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Tips for managing credit card debt ahead of the holiday shopping season

Americans are expected to spend almost $222B in online sales this holiday season

An assortment of credit cards and rewards cards.
In this Jan. 31, 2018, photo, an assortment of credit cards and rewards cards are shown in Zelienople, Pa. Keith Srakocic/AP Photo

The average consumer is set to spend an average of $567 from Black Friday to Cyber Monday this year, according to business management consultant Deloitte.

NerdWallet senior writer Sara Rathner said consumers should think now about how they plan to pay off any charges to their credit card through the holidays.

“We found in one of our studies that 2022 holiday shoppers incurred quite a bit of debt. About half of shoppers took on credit card debt last year,” Rathner said. “Among them, about a third still have not yet paid off these balances.”

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Rathner joined WPR’s “The Morning Show” to share advice on managing debt ahead of the holidays.

The following was edited for clarity and brevity.

Kate Archer Kent: The Consumer Financial Protection Bureau finds one in 10 general credit card users are charged more in interest and fees than they pay toward the principal each year. How can people with credit card debt get out of this persistent debt cycle?

Sara Rathner: Someone may qualify for what’s called a balance transfer credit card that allows you to move your debt onto a card with a zero percent interest promotion. We’ve seen some (promotions apply for) almost two years. And if you have a schedule in place and you’re making payments towards your debt — if you can time it so that you’re debt free by the time that promotion is over — you’ve just saved a substantial amount on those interest payments. And then you end the whole experience debt-free.

There is what’s called a balance transfer fee. That’s typically 3 to 5 percent of the amount of debt you’re transferring over. But if the amount that you’re saving on interest exceeds the balance transfer fee, then you are coming out on top.

KAK: If you call your credit card issuer to discuss terms, how productive can those conversations be?

SR: It can be worthwhile to call (a credit card company) to see if you’d be eligible for things like a reduction in your interest rate or a credit limit increase or some sort of hardship payment plan if you are going through a difficult time financially.

So you can absolutely call and see what they can do for you. In the worst case, the answer is no, and you’re not going to be penalized just for calling and asking. So, if you are concerned about your ability to pay your bills, one first step could be to see what your credit card issuer could do for you.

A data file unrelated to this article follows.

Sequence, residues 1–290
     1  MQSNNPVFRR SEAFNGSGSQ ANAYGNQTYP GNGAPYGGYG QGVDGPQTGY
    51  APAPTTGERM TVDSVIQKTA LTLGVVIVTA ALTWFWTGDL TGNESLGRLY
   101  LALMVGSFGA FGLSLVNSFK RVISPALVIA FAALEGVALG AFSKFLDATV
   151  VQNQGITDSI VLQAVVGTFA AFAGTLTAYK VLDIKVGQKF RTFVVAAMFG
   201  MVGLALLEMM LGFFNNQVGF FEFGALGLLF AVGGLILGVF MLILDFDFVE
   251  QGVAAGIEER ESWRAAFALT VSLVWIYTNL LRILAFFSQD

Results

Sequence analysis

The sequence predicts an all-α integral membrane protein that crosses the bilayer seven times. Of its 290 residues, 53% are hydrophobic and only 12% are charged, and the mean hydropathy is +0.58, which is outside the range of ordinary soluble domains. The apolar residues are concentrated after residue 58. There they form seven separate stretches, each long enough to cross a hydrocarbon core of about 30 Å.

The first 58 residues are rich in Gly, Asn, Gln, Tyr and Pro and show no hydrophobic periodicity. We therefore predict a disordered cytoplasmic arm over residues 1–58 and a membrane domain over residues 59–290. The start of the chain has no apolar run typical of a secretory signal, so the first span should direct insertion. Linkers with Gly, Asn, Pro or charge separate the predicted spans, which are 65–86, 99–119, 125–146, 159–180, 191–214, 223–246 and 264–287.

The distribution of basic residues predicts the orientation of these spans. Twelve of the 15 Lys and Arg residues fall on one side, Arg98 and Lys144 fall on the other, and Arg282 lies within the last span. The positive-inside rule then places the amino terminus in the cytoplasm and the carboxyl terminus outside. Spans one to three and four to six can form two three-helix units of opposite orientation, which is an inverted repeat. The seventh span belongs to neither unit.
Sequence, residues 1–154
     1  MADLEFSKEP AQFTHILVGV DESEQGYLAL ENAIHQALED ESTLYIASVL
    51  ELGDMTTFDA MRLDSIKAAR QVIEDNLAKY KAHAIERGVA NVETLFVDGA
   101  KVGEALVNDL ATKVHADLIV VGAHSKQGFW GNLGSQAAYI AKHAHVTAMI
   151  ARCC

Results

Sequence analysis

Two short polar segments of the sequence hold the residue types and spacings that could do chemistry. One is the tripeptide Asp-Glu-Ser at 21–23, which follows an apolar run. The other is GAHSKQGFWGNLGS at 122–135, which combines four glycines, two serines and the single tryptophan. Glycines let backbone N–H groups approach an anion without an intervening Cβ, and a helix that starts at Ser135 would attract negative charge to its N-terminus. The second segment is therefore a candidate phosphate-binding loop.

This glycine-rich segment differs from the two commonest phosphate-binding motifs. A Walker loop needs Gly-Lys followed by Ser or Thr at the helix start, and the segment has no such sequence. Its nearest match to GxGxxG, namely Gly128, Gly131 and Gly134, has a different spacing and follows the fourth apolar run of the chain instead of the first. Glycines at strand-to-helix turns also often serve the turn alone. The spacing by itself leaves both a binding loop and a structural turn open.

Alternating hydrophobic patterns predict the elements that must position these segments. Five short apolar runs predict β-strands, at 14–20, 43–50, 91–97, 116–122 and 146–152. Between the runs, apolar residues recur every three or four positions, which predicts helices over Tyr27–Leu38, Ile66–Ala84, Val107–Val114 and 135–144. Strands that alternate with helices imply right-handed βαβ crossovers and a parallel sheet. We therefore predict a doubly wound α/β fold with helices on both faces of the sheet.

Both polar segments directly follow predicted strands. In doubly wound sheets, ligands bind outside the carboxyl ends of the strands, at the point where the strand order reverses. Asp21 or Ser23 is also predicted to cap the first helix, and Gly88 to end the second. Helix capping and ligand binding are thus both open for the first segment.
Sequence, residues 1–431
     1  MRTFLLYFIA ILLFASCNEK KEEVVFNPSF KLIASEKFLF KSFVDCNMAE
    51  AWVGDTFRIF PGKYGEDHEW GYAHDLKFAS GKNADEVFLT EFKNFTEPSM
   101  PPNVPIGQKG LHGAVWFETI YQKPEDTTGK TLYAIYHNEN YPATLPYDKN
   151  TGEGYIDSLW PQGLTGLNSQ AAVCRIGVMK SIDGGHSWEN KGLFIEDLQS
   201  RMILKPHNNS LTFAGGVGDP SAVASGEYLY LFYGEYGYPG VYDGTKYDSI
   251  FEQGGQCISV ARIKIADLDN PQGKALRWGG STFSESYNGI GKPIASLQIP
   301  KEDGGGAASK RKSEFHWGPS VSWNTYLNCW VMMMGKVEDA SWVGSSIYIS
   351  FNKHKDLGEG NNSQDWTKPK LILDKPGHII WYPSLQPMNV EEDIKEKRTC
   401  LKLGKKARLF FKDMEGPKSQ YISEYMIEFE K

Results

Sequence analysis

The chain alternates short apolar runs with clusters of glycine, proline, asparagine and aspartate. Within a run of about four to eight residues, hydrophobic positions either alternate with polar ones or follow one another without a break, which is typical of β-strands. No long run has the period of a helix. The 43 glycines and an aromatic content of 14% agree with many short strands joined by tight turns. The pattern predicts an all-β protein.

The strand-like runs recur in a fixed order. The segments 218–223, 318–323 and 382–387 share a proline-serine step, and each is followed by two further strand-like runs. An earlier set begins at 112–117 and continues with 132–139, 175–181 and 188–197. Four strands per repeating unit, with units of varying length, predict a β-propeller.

KAK: How should a credit card user decide which credit card to pay off first?

SR: There are a couple of schools of thought when it comes to paying off credit card debt or other debts. When you have multiple debts at different amounts and different interest rates, one of them is called the avalanche method. That’s where you focus on the debt with the highest interest rate first. So with all of your debts, you make at least minimum payments on them, and then you take any extra money in your budget and you put it at the debt with the highest interest rate every month until you pay that one down. And then once you do, you move to the next debt on the list.

KAK: Credit card companies consider a consumer’s credit utilization when assigning someone a credit score. What can people do to improve their credit utilization?

SR: Credit utilization is the percentage of your total credit limit that you charge in a month. So let’s say you have $1,000 in credit limit across one or more cards. If you charge $500 to the card, then you have utilized 50 percent of your credit limit. The rule of thumb is to keep that number under 30 percent. Under 10 percent is even better. So if you have a really low credit limit, it’s hard to keep that utilization low because as you are making purchases, those everyday purchases. It’s tough to not max out your card if your limit is low and that can hurt your credit over time.

Obviously, one thing you could do is spend less. That’s the obvious answer, but it is not always possible … Another thing you can do is see if you could get your credit limit increased. Call your credit card company — that’s the number on the back of your card — and see if you’re eligible for it. Sometimes if your income has gone up over time, that can help you be eligible for a credit limit increase. So keep your income updated on your account. And if they say no, you could also try to apply for a second credit card.

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